We are almost certain to have a recession, if we’re not in one already.  Historically, recessions last about 2 quarters, so the odds are strong that we’ll be coming out of it this time next year. 

Graph showing home price increases and decreases from past 6 recessions

When we look at the previous recessions, not including the one caused directly by the housing market crash, we can see that home prices increased four out of five times.  Since this recession is not driven by the housing market, we can expect housing prices to follow historic trends.

4. Will Mortgage Rates Go Up or Down?

Interest rates are at 6.25% as of the time of publishing.  Over the last 40 years, the average rate was 8.25%, which is 2% higher than today. 

Looking at the data from 1971 to now, the trend is that interest rates go up just before a recession and then decrease coming out of it. 

Chart showing mortgage rate decreases correlated to past 6 recessions

If you’re thinking about waiting to buy a home until interest rates decrease, consider that we still expect housing prices to increase.  If you wait a year for interest rates to go down, it’s possible you’ll be paying more overall because of the higher price.  In any realistic scenario, it makes sense to buy today then refinance during the recession to take advantage of lower rates.

5. Do Increasing Interest Rates Impact the Real Estate Market?

Home sales decline when interest rates increase, which is what we’re seeing right now.  All of the data indicates that home sales and prices are following the same trends as previous recessions. 

The only unknown we have now is that interest rates increased at double the rate they have historically. Does that mean there will be double the impact on decreased home sales?  It’s possible that sales will decrease for a longer period, but we simply don’t have historic data to compare it to.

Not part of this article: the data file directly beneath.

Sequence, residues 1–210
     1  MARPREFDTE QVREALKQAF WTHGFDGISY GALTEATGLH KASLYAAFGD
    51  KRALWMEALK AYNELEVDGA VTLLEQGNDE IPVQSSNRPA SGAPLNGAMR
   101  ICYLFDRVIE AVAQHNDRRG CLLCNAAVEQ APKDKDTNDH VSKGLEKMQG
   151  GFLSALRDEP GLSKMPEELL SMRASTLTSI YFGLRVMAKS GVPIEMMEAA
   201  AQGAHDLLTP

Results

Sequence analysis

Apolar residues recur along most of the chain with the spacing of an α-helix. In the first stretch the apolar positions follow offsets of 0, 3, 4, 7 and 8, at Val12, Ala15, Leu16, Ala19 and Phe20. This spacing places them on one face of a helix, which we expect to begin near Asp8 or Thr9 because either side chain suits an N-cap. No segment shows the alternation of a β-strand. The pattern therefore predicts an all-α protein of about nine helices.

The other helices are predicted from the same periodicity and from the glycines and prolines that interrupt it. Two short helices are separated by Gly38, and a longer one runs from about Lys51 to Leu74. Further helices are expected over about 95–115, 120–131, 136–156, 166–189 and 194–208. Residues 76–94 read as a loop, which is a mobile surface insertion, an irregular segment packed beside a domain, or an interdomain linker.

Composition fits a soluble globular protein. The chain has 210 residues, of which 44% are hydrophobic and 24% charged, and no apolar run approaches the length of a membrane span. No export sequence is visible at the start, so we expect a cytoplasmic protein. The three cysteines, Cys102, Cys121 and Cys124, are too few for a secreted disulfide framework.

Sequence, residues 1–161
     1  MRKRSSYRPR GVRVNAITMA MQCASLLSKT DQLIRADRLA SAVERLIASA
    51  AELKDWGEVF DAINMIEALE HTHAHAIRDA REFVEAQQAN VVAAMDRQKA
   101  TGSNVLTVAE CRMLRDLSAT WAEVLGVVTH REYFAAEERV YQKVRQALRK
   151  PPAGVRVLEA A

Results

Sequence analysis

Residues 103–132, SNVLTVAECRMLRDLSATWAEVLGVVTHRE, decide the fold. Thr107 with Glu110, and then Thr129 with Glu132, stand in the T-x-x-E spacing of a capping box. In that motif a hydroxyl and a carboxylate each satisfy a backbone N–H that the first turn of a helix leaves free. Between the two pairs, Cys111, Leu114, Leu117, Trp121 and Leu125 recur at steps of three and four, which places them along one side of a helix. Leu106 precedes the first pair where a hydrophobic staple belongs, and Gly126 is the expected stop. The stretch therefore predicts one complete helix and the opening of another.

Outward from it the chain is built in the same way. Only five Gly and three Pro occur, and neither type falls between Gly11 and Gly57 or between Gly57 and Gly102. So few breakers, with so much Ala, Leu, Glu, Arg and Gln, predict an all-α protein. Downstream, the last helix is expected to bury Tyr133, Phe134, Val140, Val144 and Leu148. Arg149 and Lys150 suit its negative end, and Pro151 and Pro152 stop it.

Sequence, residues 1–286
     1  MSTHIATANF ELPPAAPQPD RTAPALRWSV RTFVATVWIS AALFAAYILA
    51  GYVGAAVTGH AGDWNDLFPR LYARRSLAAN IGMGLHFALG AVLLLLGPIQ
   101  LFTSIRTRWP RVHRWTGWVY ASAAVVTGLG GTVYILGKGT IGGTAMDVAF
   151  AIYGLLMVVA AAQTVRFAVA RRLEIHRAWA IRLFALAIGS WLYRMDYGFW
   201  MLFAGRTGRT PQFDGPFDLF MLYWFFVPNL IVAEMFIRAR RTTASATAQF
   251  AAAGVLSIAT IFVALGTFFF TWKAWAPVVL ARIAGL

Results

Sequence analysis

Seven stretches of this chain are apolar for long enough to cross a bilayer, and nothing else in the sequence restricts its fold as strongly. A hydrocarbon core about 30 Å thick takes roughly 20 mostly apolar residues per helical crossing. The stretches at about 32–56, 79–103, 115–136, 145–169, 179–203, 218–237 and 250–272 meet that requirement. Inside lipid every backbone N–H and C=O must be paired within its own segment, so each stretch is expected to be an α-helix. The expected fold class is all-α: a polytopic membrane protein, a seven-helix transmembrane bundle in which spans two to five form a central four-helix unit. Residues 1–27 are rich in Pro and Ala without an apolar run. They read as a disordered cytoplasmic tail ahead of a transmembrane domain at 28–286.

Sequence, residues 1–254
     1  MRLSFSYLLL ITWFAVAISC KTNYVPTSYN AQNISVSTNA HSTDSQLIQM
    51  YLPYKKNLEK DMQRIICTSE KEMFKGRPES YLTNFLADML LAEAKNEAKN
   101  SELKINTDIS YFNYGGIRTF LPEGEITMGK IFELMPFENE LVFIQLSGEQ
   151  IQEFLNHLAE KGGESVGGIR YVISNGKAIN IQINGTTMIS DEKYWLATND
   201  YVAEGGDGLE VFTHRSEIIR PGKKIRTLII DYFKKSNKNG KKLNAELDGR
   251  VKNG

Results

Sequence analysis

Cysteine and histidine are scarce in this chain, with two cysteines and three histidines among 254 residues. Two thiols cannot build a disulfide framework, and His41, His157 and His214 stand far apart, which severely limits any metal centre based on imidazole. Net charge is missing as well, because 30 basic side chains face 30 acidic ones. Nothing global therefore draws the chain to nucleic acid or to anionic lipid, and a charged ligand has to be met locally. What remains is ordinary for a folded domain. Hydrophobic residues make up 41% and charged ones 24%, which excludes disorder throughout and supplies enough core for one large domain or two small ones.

6. How Does Inflation Impact Home Prices?

When we look at historic trends for home prices and inflation, we can see that home prices fared better than inflation.  One reason for this is the largest component of the consumer price index, which measures inflation, is housing. 

Chart tracking inflation and average Denver home price from the 1970s to 2021

Inflation is your best friend if you’re a real estate investor.  Rents increase with inflation, but your fixed mortgage rate doesn’t change.  That means any rent increase is extra money in your pocket.

7. What’s Next for Apartment Pricing?

Many people are concerned that interest rates and cap rates are intertwined.  Lon debunked this myth in a previous episode.  The upshot is that when property values increase, the cap rate decreases and vice versa.  Because rent prices are likely to increase, we expect apartment complex valuations to increase, too. 

Chart showing cap rates and interest rates from 1979-June 2022

If you’re waiting for a drop in apartment complex prices to get a good deal, it’s not likely to happen.

How Can I Use This Data for My Portfolio?

We know that most people hearing all of this data will want to apply it to their own portfolio.  Reach out to any of us with questions, and we’ll be happy to figure out how it impacts your portfolio. 

Want to play run some numbers to see the impact on your portfolio?  Try out our Property Llama portfolio analysis software.  Sign up for your free account today. 

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Authors
Chris Lopez
Chris Lopez is a Denver area real estate entrepreneur and investor, as well as the host of Bigger Pockets’ House Hackerz and the Denver Real Estate Investing Podcast.